Department:

College of Business Technology and Engineering

Read full university profile

What students say


We've crunched the numbers to see if overall student satisfaction here is high, medium or low compared to students studying this subject(s) at other universities.

94%
high
Physics

How do students rate their degree experience?

The stats below relate to the general subject area/s at this university, not this specific course. We show this where there isn’t enough data about the course, or where this is the most detailed info available to us.

Physics

Teaching and learning

88%
Staff make the subject interesting
94%
Staff are good at explaining things
82%
Ideas and concepts are explored in-depth
88%
Opportunities to apply what I've learned

Assessment and feedback

Feedback on work has been timely
Feedback on work has been helpful
Staff are contactable when needed
Good advice available when making study choices

Resources and organisation

94%
Library resources
93%
IT resources
94%
Course specific equipment and facilities
88%
Course is well organised and has run smoothly

Student voice

Staff value students' opinions
Feel part of a community on my course

Who studies this subject and how do they get on?

97%
UK students
3%
International students
85%
Male students
15%
Female students
90%
2:1 or above
11%
First year drop out rate

Most popular A-Levels studied (and grade achieved)

D
C
D

After graduation


The stats in this section relate to the general subject area/s at this university – not this specific course. We show this where there isn't enough data about the course, or where this is the most detailed info available to us.

Physical science

What are graduates doing after six months?

This is what graduates told us they were doing (and earning), shortly after completing their course. We've crunched the numbers to show you if these immediate prospects are high, medium or low, compared to those studying this subject/s at other universities.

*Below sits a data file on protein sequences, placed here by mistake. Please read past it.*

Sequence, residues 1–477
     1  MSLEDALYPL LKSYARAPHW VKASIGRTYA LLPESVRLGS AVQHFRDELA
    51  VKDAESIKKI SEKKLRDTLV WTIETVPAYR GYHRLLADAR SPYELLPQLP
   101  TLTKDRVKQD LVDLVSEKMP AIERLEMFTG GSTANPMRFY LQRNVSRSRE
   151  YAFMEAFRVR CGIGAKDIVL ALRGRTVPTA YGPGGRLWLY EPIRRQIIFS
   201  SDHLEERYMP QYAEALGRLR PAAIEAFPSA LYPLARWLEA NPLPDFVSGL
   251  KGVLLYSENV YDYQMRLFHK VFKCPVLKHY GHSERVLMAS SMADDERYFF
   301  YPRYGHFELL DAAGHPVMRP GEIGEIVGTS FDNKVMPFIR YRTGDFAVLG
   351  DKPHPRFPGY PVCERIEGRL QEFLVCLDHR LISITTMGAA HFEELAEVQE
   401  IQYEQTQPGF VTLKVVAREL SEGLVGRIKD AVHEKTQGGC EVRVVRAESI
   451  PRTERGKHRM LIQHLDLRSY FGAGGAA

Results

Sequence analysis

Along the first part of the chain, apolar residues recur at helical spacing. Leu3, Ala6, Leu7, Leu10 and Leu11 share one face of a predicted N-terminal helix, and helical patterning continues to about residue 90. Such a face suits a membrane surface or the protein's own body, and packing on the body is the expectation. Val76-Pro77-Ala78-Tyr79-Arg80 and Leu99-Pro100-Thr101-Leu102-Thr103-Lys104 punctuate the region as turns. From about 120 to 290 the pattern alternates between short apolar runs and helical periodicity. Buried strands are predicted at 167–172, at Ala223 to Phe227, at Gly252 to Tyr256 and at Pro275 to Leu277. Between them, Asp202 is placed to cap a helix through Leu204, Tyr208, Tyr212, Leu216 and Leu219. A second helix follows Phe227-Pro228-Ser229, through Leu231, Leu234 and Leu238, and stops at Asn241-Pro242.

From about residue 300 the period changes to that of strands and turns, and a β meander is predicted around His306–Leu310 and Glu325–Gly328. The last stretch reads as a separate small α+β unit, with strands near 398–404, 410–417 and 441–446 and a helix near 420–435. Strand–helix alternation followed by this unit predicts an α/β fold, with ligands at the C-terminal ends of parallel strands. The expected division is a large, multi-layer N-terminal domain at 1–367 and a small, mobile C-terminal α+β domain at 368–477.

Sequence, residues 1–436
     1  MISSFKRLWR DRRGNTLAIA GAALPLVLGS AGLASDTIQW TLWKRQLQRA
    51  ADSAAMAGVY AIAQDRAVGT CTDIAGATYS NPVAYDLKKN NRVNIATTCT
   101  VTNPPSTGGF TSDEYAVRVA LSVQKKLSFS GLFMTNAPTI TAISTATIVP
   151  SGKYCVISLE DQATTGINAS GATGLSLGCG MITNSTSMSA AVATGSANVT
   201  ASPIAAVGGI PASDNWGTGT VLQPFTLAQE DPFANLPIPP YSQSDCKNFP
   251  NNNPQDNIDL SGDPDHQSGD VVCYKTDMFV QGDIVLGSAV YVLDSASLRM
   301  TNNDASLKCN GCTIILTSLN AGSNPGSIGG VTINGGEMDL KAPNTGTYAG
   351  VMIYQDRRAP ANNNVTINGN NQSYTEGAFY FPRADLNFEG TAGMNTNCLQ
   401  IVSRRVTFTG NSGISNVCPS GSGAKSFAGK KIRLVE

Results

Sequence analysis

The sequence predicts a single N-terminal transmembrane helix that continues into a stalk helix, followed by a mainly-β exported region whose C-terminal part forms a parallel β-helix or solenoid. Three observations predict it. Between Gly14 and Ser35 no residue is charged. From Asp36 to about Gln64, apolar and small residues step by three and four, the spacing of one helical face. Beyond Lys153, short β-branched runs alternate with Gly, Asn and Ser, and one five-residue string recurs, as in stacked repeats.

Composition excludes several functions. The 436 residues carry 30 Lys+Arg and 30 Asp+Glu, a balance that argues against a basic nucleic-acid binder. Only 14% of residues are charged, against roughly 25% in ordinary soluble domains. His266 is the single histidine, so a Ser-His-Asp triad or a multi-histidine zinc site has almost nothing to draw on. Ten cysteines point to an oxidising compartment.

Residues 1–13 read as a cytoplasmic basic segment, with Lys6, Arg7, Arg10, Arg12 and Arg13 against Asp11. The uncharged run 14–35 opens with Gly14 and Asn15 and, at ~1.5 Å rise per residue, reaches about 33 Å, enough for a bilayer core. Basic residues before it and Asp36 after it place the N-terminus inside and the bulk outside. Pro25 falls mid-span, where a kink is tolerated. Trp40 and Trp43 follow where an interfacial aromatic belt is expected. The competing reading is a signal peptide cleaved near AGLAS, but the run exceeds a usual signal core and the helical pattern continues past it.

£18,000
low
Average annual salary
97%
high
Employed or in further education
56%
med
Employed in a role where degree was essential or beneficial

Top job areas of graduates

13%
Teaching and educational professionals
12%
Customer service occupations
12%
Sales assistants and retail cashiers

Although the subject has seen a bit of resurgence in recent years, the UK is still felt to be short of physics graduates, and in particular physicists training as teachers. If you want a career in physics research — in all sorts of areas, from atmospheric physics to lasers - you'll probably need to take a doctorate, and so have a think about where you would like to do that and how you might fund it (the government funds many physics doctorates, so you might not find it as hard as you think). With that in mind, it's not surprising that just over a fifth of physics graduates go on to take doctorates when they finish their degree, and well over a third of physicists take some kind of postgraduate study in total. Physics is highly regarded and surprisingly versatile, which is why physics graduates who decide not to stay in education are more likely to go into well-paid jobs in the finance industry than they are to go into science. The demand and versatility of physics degrees goes to explain why they're amongst the best-paid science graduates.